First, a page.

Diligence is expected to be complete by November 4, 2013 (“Diligence Period”). The parties’ intention is to negotiate and execute a definitive transaction agreement by such date. During such period, BlackBerry is permitted to actively solicit, receive, evaluate and potentially enter into negotiations with parties that offer alternative proposals (“Alternative Transactions”).
If (A) during the Diligence Period (i) BlackBerry enters into any letter of intent or definitive agreement providing for an Alternative Transaction, (ii) BlackBerry ceases to negotiate
with the consortium in good faith with a view to entering into the Definitive Agreement by the end of the Diligence Period, or (iii) an Alternative Transaction is publicly proposed or publicly announced and is consummated within 6 months following the end of the Diligence Period, or (B) during the 3 month period following the end of the Diligence Period, BlackBerry enters into any agreement providing for an Alternative Transaction with a person with whom discussions were held before or during the Diligence Period, then BlackBerry shall pay Fairfax a fee of U.S. $0.30 per BlackBerry share, provided, however, that no such fee shall be payable if the consortium shall have reduced the price offered below U.S. $9.00 per share without the approval of the board of directors of BlackBerry. In the event that a definitive agreement is signed with Fairfax the termination fee will increase to U.S. $ 0.50 per share.
Barbara Stymiest, Chair of BlackBerry’s Board of Directors, said: “The Special Committee is seeking the best available outcome for the Company’s constituents, including for shareholders. Importantly, the go-shop process provides an opportunity to determine if there are alternatives superior to the present proposal from the Fairfax consortium.”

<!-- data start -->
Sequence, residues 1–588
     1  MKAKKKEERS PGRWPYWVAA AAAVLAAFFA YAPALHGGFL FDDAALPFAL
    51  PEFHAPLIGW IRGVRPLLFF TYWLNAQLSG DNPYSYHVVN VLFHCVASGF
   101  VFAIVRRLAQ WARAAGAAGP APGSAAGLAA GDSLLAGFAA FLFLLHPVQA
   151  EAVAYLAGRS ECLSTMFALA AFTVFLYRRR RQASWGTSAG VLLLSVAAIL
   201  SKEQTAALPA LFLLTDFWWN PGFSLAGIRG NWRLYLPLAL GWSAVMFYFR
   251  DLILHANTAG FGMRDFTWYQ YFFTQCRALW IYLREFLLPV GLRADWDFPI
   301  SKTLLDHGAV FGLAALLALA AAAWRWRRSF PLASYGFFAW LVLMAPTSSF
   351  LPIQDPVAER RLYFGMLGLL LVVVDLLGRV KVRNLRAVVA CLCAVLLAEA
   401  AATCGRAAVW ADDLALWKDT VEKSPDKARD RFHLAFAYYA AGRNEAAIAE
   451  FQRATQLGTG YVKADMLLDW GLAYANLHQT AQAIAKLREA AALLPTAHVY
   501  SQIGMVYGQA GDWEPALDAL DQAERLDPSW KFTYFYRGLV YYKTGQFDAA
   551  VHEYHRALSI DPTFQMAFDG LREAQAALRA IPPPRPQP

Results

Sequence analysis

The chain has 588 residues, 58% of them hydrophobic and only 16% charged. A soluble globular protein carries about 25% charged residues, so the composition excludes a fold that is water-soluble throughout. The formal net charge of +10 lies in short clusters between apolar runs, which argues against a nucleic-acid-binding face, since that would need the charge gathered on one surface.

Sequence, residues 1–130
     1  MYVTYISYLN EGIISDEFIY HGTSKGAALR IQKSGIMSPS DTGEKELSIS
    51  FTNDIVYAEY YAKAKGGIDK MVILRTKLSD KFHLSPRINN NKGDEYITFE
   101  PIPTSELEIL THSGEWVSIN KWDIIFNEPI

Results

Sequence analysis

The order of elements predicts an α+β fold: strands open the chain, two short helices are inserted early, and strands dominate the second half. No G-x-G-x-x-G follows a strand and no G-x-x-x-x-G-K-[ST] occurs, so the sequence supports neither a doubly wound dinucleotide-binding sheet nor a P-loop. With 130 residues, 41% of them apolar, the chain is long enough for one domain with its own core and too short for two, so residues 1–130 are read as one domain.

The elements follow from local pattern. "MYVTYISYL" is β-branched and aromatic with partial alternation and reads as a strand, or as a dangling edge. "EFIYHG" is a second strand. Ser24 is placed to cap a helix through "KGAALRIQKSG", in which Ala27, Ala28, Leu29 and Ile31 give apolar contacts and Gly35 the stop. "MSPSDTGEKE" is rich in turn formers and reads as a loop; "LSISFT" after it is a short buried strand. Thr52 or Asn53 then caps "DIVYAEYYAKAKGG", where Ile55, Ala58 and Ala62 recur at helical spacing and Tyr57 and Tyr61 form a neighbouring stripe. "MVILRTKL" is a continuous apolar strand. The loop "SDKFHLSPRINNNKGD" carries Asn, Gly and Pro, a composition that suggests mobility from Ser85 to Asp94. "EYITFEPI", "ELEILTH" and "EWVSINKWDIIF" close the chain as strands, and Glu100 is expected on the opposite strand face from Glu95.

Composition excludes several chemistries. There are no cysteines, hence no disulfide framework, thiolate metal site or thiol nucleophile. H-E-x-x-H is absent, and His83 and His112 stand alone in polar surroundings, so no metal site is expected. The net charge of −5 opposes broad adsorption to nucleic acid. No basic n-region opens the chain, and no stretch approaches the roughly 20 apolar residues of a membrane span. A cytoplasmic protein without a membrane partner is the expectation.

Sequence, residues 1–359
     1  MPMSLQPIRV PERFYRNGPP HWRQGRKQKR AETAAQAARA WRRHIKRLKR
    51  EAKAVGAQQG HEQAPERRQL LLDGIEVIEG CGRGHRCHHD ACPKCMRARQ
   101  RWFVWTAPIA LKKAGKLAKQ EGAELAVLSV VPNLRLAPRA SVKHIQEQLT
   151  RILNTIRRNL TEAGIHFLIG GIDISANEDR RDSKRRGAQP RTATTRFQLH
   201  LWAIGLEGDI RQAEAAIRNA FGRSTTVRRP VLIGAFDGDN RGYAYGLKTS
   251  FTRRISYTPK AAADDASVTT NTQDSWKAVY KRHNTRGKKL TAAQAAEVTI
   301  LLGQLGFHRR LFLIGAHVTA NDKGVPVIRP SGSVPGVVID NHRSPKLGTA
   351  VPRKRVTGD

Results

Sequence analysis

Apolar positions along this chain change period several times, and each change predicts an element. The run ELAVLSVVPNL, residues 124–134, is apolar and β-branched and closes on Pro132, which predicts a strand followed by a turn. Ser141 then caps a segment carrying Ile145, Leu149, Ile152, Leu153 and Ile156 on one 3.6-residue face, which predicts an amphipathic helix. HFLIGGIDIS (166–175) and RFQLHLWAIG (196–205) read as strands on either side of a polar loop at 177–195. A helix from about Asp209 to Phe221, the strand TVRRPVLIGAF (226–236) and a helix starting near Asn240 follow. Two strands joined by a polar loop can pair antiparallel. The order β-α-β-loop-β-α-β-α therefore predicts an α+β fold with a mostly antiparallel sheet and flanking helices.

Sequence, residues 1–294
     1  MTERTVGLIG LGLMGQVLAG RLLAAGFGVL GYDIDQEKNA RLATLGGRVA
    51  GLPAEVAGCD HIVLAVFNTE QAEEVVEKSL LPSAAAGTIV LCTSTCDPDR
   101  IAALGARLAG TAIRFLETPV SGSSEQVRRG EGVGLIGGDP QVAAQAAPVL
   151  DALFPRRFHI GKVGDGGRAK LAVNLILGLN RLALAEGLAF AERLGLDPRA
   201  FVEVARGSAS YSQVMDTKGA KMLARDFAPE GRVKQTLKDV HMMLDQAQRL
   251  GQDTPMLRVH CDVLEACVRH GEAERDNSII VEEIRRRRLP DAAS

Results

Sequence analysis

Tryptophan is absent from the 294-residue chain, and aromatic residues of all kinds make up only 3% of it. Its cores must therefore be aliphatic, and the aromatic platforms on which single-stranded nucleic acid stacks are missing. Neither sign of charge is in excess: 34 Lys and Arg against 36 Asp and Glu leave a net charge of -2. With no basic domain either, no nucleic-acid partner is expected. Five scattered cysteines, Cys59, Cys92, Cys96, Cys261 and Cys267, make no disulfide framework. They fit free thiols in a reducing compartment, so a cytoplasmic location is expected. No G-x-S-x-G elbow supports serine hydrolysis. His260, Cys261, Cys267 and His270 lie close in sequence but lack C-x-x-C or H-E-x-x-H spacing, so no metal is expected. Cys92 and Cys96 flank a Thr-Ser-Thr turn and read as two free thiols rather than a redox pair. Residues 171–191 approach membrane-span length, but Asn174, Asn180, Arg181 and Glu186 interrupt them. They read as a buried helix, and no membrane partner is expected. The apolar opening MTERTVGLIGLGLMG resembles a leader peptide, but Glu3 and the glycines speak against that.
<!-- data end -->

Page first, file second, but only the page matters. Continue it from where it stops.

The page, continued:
Prem Watsa, Chairman and CEO of Fairfax, said: “We believe this transaction will open an exciting new private chapter for BlackBerry, its customers, carriers and employees. We can deliver immediate value to shareholders, while we continue the execution of a long-term strategy in a private company with a focus on delivering superior and secure enterprise solutions to BlackBerry customers around the world.”
In addition to the consortium and its lenders being satisfied with all aspects of the due diligence to be carried out by them during the Diligence Period and the negotiation and execution of a binding definitive agreement approved by the board of BlackBerry, completion of the transaction will be subject to other customary conditions, including receipt of required regulatory approvals. There can be no assurance that due diligence will be satisfactory, that financing will be obtained, that a definitive agreement will be entered into or that the transaction will be consummated.
BDT & Company, LLC, BofA Merrill Lynch and BMO Capital Markets are acting as financial advisors, and Shearman & Sterling LLP and McCarthy Tétrault LLP are acting as legal advisors to Fairfax in connection with the transaction.